Adrian Vermeule, Ralph S. Tyler, Jr. Professor of Constitutional Law, Harvard Law School
The Annual Herbert W. Vaughan Lecture on America’s Founding Principles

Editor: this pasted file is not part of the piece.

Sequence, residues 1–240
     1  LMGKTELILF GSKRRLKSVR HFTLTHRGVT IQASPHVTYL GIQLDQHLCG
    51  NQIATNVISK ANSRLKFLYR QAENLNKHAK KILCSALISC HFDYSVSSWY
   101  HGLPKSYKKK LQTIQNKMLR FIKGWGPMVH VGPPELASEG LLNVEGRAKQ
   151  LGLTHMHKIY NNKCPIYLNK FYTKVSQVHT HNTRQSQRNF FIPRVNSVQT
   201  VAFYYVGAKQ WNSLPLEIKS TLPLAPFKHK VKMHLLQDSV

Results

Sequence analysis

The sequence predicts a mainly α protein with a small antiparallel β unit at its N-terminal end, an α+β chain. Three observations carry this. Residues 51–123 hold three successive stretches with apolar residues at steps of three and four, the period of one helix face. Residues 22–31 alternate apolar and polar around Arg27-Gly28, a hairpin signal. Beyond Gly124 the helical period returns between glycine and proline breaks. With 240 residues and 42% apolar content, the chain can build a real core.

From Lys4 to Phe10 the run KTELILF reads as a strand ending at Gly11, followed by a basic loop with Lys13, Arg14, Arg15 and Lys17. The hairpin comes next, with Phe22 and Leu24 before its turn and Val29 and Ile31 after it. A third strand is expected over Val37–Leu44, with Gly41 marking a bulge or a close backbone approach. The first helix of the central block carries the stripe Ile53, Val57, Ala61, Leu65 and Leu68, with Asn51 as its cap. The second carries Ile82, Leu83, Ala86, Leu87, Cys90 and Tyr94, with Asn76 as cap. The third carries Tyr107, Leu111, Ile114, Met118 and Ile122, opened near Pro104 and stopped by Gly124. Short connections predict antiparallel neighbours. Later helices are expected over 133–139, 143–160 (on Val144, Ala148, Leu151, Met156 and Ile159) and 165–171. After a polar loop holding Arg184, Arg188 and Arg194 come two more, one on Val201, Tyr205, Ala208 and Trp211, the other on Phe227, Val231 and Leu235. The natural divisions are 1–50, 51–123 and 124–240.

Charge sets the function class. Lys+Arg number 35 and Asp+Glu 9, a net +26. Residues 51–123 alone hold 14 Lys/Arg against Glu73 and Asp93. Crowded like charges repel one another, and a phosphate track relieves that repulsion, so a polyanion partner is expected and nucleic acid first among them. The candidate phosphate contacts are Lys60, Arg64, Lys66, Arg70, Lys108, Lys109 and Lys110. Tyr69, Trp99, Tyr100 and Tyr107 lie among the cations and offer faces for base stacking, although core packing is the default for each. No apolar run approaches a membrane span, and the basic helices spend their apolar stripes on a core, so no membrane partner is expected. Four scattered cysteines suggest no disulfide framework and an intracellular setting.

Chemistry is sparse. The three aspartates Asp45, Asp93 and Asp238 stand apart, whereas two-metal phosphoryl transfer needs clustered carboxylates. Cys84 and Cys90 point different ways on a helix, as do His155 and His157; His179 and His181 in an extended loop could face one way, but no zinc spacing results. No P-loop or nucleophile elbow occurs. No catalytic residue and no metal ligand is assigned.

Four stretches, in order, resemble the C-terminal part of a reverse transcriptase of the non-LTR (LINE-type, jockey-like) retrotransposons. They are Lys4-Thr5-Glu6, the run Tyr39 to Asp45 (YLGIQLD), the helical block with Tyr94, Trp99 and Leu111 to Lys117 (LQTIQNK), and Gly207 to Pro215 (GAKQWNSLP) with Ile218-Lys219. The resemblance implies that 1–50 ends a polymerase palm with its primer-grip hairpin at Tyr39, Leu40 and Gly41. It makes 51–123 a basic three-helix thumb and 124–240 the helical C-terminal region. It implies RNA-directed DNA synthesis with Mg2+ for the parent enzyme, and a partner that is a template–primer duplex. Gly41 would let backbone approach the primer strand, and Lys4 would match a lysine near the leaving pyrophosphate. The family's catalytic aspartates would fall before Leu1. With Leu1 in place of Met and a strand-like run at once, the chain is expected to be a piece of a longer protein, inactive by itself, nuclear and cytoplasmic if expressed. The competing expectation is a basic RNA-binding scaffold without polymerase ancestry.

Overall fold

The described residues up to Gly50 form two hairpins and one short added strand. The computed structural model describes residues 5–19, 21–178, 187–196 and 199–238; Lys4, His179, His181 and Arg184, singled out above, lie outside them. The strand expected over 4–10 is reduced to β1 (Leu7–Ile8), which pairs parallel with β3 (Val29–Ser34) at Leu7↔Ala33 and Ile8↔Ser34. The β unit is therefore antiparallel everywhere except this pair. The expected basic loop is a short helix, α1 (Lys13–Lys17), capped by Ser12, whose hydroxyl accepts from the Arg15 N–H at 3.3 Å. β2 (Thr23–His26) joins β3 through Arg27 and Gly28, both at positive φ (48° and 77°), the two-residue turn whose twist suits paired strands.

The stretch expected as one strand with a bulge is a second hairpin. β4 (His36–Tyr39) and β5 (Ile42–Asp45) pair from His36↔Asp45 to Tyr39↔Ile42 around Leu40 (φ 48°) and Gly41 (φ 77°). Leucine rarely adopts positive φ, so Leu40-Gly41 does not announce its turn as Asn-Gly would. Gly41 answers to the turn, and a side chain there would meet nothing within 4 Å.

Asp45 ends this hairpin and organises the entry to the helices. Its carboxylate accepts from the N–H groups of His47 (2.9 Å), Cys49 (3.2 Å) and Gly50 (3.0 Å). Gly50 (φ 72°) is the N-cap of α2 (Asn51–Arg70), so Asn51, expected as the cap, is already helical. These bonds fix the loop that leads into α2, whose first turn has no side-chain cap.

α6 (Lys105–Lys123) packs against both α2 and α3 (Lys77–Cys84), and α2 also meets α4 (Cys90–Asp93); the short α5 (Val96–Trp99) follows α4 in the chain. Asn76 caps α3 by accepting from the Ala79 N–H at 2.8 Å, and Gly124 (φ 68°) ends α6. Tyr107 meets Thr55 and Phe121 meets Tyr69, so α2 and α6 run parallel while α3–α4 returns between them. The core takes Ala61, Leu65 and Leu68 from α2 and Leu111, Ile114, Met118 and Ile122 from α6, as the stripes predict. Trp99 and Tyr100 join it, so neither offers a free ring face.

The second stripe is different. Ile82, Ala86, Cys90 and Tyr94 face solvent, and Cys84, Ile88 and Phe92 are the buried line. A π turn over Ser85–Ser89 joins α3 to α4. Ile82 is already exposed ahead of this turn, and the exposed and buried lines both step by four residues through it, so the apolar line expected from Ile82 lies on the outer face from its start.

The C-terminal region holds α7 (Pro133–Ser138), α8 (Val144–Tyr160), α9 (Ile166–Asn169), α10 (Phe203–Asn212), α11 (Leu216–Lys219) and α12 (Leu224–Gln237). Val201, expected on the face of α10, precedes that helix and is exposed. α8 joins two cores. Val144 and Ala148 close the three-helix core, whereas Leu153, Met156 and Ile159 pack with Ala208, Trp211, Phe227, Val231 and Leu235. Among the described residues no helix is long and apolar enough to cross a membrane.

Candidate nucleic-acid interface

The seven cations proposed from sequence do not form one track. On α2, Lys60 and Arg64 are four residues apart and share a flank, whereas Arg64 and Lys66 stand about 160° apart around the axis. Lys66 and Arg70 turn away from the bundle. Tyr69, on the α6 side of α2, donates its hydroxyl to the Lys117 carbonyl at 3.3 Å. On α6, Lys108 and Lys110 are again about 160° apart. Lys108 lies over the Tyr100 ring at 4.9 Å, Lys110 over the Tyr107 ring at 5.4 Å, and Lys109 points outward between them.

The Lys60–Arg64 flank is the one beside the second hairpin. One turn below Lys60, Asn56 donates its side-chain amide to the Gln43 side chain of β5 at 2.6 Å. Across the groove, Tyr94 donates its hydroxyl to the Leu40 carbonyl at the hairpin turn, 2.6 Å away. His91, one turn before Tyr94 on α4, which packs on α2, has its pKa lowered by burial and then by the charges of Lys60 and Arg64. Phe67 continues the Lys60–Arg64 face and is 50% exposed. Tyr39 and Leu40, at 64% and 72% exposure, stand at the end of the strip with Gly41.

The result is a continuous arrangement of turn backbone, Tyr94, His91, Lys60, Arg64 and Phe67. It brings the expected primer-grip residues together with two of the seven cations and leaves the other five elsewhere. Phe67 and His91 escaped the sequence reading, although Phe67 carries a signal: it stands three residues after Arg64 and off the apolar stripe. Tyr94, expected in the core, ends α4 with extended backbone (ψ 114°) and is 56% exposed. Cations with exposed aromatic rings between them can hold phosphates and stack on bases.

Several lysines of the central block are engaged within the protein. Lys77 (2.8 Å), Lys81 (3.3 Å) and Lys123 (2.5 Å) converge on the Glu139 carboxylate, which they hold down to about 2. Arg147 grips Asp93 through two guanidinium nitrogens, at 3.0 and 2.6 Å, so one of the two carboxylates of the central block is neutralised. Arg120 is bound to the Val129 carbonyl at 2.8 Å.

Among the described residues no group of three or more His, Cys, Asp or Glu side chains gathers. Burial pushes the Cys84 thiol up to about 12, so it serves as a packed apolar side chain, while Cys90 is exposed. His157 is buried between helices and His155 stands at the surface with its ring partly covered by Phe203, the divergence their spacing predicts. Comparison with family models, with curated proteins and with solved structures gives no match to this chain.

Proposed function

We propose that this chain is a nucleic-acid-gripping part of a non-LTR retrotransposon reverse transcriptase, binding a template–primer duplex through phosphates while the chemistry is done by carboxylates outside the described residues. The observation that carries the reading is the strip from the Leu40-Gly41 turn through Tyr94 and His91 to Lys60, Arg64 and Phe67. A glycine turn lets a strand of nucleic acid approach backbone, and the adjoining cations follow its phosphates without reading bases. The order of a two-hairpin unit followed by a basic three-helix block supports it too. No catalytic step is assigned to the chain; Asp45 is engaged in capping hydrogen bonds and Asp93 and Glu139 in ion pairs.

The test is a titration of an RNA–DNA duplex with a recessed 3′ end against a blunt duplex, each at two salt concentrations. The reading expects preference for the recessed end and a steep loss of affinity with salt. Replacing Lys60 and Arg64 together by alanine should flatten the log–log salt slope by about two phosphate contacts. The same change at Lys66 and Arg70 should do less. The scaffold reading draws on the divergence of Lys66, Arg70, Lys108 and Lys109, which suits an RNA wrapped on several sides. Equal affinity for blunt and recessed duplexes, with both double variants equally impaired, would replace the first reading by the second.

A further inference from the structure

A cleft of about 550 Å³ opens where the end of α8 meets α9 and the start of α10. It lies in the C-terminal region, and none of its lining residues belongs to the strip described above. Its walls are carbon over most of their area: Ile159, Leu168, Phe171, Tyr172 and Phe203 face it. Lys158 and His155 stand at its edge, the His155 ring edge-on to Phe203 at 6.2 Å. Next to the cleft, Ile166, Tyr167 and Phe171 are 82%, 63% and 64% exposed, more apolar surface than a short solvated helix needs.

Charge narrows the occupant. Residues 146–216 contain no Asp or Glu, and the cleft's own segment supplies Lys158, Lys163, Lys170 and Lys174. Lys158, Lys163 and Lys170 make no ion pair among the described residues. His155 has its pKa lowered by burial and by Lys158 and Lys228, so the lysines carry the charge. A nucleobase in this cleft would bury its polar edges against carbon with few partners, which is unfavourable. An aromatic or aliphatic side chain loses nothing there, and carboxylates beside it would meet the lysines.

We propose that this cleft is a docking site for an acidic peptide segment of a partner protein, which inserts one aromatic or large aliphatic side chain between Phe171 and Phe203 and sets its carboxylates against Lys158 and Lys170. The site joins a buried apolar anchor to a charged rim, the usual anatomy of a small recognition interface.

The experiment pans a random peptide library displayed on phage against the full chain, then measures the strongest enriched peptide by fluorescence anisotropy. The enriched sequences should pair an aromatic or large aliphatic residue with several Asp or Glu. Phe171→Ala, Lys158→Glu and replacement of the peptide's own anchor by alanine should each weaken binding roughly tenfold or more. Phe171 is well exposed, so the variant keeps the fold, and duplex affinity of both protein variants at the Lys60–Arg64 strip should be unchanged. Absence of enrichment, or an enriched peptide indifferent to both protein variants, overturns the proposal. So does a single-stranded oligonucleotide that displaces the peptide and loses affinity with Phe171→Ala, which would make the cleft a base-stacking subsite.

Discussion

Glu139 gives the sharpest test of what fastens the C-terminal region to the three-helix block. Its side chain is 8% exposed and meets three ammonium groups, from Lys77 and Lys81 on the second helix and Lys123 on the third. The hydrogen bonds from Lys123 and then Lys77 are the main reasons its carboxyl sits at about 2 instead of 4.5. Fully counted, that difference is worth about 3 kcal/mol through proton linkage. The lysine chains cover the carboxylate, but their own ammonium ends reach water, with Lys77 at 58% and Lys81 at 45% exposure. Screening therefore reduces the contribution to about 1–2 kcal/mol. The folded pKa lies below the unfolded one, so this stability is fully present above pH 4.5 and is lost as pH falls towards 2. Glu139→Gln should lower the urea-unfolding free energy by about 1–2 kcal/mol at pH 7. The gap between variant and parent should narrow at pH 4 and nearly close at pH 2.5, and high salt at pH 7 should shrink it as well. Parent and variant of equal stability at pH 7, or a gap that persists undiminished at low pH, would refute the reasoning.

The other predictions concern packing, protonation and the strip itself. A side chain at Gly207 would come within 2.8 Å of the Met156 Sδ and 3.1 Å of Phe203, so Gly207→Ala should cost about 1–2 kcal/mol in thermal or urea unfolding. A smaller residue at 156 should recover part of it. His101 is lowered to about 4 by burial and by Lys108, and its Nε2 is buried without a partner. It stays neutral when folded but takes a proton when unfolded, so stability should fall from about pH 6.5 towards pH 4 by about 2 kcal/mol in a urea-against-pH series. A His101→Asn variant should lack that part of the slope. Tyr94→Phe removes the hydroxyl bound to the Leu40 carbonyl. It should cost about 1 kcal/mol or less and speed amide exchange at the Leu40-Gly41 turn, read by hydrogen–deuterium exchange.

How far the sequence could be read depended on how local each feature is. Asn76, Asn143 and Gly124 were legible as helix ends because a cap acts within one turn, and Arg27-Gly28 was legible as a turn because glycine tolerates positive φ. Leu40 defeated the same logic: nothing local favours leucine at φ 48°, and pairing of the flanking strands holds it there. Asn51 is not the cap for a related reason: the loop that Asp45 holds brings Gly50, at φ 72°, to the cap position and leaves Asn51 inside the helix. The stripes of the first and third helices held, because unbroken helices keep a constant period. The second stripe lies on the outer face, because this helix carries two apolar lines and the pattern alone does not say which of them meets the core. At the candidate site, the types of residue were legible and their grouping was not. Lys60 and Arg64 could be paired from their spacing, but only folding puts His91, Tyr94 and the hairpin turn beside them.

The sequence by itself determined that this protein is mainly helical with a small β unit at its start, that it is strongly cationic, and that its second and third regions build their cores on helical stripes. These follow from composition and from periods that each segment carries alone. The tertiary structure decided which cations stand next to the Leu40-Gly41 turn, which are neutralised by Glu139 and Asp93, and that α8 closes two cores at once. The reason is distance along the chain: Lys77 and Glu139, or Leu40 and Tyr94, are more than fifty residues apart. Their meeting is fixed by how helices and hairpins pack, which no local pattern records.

Liberal rulers undermine their own rule. They are compelled, by the peculiarly dynamic character of their faith and its accompanying sacramental liturgy, to violate a central precept of Ragion di Stato, the natural art of politics: the precept not to unnecessarily disrupt the traditions, the mores and life-ways of the broad mass of the population, or, where those traditions must be disrupted in substance, at least to preserve the outward forms of tradition. Liberalism is incapable of respecting this constraint because to do so would betray its inner nature, which is to publicly and conspicuously celebrate its great liturgy, the Festival of Reason, the dynamic overcoming of the darkness, superstition, and slavish authoritarianism of the irrational past. The result of this dynamic is unrest, animosity, and eventually political reaction and backlash from the subject population.